The above recipe is not quite invented by me. I found the ratios in a very old factory recipe that listed only “tallow, paraffin and beeswax.”
The Gatofeo No. 1 lubricant calls for very specific ingredients: mutton tallow, canning paraffin and real beeswax. Any deviation from these three specific ingredients results in an inferior lubricant.
Let me restate: Do NOT substitute lard, Crisco, old candles, deer tallow, bacon grease, bear fat, vaseline, synthetic beeswax or anything else – it won’t be as good as these three in combination. I know, because I’ve made small batches of variants and others have tried other ingredients, reporting back that the lubricant worked okay, but not as well.
To lubricate pistol and rifle wads or patches, melt a little lubricant in a tuna or cat food can at a very low temperature on the stove. Add the wads. Two tablespoons of lubricant will easily lubricate 100 .44-caliber wads. Stir the wads until they soak up plenty of lubricant.
Turn off the stove and remove the can. Allow the lubricated wads to cool to room temperature. Snap a plastic pet food top (sold in the pet food aisle) over the can.
Write .44 Greased Wads (or whatever) on the side of the can with a wide marker. Store the can in a cool, dry place. You can easily bring the can to the range in your bag. When you get low on greased wads, simply place the can on the stove at very low heat, add more wads and lubricant, and recharge your stock.
The cans stack on top of each other on the shelf. The plastic lid keeps out dust and critters, and holds in the lubricant’s moisture. It’s a quick, easy, transportable system to make and use the greased felt wads. The same system can be used for unlubricated wads, small parts, balls, conical bullets or whatever you need to organize.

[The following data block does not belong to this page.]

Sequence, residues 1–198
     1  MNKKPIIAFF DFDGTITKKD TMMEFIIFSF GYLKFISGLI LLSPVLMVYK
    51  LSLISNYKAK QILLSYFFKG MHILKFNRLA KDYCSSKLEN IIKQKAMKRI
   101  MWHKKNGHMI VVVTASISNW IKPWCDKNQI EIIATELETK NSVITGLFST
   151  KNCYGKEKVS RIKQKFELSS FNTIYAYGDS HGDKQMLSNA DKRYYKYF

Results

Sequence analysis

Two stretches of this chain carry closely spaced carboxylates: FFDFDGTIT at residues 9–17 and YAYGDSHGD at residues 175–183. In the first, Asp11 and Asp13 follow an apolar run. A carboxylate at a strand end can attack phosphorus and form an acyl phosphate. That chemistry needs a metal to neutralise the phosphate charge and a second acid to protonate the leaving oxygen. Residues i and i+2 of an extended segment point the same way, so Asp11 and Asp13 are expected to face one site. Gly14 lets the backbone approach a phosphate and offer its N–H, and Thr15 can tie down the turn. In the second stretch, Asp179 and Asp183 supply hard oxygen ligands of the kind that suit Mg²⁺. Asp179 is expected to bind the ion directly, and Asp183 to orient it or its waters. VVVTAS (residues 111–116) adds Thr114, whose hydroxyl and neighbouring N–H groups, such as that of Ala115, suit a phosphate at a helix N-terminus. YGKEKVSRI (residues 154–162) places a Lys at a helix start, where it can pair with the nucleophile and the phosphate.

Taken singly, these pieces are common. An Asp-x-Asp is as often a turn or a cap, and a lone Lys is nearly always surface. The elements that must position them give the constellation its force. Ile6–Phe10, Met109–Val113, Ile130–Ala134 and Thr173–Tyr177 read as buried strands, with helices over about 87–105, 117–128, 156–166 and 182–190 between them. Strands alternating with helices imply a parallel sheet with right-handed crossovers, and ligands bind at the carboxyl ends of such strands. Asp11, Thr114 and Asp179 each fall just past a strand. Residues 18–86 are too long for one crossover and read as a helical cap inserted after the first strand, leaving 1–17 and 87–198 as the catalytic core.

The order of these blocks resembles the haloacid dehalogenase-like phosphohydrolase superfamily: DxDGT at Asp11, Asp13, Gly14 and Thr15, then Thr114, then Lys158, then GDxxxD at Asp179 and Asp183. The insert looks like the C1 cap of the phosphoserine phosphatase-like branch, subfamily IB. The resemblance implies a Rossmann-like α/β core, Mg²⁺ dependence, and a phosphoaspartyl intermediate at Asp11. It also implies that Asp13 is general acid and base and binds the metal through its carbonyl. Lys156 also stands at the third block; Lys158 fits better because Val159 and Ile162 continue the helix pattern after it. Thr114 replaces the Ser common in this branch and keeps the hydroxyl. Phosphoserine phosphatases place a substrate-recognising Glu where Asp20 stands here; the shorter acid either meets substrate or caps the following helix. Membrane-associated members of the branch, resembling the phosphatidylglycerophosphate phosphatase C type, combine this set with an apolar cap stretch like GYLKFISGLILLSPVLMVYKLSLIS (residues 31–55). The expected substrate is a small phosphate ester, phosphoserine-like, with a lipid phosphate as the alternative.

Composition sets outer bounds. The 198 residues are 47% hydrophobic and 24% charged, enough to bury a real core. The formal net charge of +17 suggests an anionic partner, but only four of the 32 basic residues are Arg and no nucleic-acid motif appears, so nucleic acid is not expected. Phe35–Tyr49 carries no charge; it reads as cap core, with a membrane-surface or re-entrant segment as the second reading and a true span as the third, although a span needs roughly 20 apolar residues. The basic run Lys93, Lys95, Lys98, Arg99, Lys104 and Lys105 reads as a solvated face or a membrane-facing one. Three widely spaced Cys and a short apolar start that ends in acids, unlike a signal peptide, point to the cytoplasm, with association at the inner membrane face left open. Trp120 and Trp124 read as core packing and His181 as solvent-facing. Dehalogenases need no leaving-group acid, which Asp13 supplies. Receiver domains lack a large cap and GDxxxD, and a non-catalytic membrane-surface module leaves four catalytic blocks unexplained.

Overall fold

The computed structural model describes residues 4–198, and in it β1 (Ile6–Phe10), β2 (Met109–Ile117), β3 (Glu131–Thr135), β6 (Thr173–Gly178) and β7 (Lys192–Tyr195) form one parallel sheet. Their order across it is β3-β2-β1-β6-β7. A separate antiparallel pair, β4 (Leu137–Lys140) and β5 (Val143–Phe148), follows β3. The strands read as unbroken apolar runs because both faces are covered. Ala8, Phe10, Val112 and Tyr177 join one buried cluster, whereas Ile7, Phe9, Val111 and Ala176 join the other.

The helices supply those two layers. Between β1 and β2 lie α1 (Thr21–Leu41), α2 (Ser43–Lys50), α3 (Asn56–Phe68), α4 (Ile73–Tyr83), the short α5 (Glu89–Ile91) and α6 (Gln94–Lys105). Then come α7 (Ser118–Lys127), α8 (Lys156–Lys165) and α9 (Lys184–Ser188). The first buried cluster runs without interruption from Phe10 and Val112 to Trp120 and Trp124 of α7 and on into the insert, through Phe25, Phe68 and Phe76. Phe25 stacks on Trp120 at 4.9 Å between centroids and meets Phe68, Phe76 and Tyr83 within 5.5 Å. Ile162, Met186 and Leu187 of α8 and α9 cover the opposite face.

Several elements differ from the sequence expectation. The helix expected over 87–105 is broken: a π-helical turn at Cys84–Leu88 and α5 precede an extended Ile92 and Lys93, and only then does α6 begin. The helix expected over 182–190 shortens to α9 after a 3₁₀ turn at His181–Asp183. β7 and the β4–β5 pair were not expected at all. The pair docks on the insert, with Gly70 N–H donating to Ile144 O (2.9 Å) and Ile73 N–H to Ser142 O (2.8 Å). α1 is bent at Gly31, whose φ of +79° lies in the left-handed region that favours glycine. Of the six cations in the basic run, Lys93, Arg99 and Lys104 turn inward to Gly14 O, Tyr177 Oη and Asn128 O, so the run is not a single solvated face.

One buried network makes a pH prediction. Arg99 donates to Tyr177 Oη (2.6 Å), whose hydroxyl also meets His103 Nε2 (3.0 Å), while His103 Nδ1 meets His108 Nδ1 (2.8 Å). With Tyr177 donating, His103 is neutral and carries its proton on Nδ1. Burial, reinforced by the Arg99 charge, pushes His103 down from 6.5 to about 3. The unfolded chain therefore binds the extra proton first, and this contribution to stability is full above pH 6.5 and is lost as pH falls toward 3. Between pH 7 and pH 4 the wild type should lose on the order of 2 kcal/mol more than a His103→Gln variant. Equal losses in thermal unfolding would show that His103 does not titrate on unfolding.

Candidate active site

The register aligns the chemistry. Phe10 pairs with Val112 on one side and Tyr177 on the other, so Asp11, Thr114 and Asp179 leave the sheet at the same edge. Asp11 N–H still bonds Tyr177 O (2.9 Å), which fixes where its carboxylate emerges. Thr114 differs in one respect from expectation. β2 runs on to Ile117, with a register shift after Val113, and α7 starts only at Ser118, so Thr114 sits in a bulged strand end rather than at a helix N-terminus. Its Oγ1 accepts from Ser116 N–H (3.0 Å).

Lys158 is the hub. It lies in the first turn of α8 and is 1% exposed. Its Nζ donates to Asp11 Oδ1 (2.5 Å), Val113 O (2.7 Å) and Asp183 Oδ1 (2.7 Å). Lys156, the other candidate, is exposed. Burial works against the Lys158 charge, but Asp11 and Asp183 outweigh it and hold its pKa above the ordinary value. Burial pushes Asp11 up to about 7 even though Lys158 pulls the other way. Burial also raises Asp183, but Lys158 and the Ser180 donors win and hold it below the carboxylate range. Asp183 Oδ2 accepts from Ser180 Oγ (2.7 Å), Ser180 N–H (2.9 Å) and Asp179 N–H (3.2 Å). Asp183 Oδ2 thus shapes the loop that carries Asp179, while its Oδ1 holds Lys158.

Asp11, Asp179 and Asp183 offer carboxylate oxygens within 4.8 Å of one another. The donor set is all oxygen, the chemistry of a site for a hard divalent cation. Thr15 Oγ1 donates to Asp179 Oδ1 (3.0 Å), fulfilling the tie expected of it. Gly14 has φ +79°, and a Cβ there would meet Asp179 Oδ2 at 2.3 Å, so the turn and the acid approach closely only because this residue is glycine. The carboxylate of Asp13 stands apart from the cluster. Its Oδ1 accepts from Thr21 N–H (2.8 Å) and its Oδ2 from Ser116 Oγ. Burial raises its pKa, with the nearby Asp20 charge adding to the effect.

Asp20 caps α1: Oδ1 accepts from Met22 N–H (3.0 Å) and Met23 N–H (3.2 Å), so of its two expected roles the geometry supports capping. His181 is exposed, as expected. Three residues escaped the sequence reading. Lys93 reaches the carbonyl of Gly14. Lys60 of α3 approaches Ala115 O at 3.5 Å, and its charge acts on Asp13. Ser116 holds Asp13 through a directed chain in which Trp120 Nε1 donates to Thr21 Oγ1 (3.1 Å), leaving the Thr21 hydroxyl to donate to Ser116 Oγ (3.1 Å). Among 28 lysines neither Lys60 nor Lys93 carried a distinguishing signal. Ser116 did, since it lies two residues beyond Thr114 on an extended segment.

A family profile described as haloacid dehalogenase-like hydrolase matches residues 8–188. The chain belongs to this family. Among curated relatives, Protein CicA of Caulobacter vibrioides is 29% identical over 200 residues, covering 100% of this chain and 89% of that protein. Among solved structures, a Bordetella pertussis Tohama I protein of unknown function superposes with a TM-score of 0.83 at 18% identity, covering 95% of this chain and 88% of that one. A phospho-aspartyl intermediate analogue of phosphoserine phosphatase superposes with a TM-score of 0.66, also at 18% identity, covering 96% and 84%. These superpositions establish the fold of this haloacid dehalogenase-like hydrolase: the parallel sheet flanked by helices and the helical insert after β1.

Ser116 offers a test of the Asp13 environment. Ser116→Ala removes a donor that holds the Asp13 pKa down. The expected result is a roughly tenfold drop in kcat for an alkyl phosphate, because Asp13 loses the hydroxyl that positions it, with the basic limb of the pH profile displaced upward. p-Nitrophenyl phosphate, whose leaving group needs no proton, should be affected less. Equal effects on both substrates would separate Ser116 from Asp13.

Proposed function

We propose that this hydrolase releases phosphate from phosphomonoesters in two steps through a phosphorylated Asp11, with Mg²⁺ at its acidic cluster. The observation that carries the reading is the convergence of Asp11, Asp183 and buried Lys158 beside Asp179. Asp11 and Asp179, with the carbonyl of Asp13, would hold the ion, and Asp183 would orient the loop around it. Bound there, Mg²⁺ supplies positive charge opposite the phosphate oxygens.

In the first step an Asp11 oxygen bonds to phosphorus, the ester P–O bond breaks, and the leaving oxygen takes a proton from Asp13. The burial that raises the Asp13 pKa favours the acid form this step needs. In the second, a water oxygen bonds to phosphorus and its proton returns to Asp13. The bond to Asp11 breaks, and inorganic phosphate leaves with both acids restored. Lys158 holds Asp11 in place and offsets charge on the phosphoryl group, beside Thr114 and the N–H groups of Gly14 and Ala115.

Plastic, pet food lids are inexpensive. Check a Dollar Store or its equivalent for a good price.
Smaller quantities of greased wads are easily carried in Altoid sour candy tins or shoe polish tins. Both types have indents or keys to open the lid easily with greasy fingers, and that’s important. Trying to pry open a greasy lid with greasy fingers, without some lever or side-indent, is maddening.
Hinged tins are not as good, because moisture escapes around the cutout for the hinges. The Altoids sour candy or shoe polish tins seal tightly.
Zip-Loc bags are also good for holding small amounts of wads (greased or dry) for the range but I most like the cans. They seal tighter and resist damage to their contents.
Gatofeo No. 1 Lubricant is good for a variety of black powder applications. I also use it for heeled bullets in my Marlin Model 1892 in .32 Long Colt caliber, over small charges of smokeless powder, and in my .44-40 rifle bullets over black powder or smokeless powder.
Give Gatofeo No. 1 Lubricant a try. I haven’t found anything better for lubricating the felt wads and Lee conical bullets in my cap and ball revolvers.